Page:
Thursday, 2 July 2015


Prior to 1987 child sex abuse did not exist. At least in the minds of the general public, successive governments and the medical profession, it didn't exist. In reality of course it was widespread. Also in reality great efforts were made to ignore it and suppress any mention of it. In his autobiography “This time next week” the author Leslie Thomas, orphaned during the war, describes how widespread it was in Barnardo's homes. It was ignored. When cases come to light now about child sex abuse prior to 1987, featuring various individuals, it is extraordinary how many people knew what was going on. Also extraordinary were the efforts made to keep it all brushed under the carpet. This enabled predators such as Saville to act, unimpeded, for years. And it allowed institutions such as the catholic church to facilitate the actions of the numerous paedophiles within it's ranks.

In 1987 all this changed. In that year two paediatricians at a Middlesborough hospital, Dr Marietta Higgs, and Dr Geoffrey Wyatt, reported 121 cases of child sex abuse to social services over a period of 4 months. Now, in retrospect, it is clear that the diagnosis was correct in the majority of cases. But at the time it was something society just didn't want to hear. There was a huge outcry. The two doctors were widely vilified, especially in the Daily Mail. Like other whistleblowers before and since they were turned on and viciously attacked. A government report, published a year later was a whitewash. Many abused children were returned to abusive households.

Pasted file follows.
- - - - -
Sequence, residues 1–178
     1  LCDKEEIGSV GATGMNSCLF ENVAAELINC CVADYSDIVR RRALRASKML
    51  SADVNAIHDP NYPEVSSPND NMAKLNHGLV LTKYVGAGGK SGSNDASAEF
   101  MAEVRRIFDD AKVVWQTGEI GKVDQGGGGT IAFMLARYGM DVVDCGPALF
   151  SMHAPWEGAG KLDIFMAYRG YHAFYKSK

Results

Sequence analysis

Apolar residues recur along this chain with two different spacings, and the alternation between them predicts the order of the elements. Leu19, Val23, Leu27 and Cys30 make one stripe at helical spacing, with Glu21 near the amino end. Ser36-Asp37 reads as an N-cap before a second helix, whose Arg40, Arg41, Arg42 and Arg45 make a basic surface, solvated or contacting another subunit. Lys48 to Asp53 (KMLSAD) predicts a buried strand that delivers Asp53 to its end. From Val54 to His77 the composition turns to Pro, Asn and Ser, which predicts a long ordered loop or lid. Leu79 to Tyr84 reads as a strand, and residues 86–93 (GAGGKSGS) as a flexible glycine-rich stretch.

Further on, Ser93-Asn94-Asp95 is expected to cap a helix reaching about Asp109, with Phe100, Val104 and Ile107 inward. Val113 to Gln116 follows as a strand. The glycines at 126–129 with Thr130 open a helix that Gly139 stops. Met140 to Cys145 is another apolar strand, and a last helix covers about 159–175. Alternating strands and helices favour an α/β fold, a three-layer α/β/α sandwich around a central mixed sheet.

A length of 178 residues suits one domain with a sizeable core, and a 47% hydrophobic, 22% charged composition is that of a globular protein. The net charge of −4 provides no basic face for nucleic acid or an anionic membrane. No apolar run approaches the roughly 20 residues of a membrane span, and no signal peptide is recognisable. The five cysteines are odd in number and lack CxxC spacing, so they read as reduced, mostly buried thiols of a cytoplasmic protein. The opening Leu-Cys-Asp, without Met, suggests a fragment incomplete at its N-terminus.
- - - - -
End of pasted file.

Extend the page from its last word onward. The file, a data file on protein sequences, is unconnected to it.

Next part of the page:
But the genie was out of the bottle. Society had now been forced to address an issue it would prefer to have ignored.

In 1994 Dr Higgs' employers found themselves in a dilemma. Due to the adverse publicity they felt that Dr Higgs position in Middlesborough was untenable, and that they could no longer allow her to work there. However she had actually done nothing wrong, so could not be dismissed. Their solution was to move her to the Queen Elizabeth Hospital in Gateshead, to take up a position as a neonatologist, with no duties related to child sex abuse. Dr Higgs was well respected within paediatric circles in the area, and the paediatric consultants in Gateshead were unanimous in welcoming her.

The rest of the Consultant body at Gateshead were not so welcoming. There was an immediate outcry among them, and strong opposition to the appointment expressed. At a bad tempered meeting of the senior staff committee the Paediatricians were openly berated and abused, in a shameful and disgusting display of mob mentality, led by a consultant general surgeon, coincidentally also called Higgs, though not related to Marietta. All they lacked at the meeting was pitchforks. A motion was proposed to demand of management that Ms. Higgs not be allowed to work at Gateshead. In a secret ballot on the motion only one non paediatric consultant voted with the paediatricians and against the mob. The appointment went ahead anyway.

Not just the medical profession but the whole of society owes Marietta Higgs a debt of gratitude that has never been acknowledged. She forced a society that didn't want to know to accept that child sex abuse did not just exist, but was common.. She prised open the unwilling eyes of society to an evil that it did not want to see. As a result of this the Children's Act was passed in 1998. Once the problem was acknowledged, only then could it be addressed, and to this day historic child sex abuse cases continue to be unearthed, often involving high profile individuals. Children in the UK, and arguably beyond, are safer today because Drs Higgs and Wyatt had the courage of their convictions.

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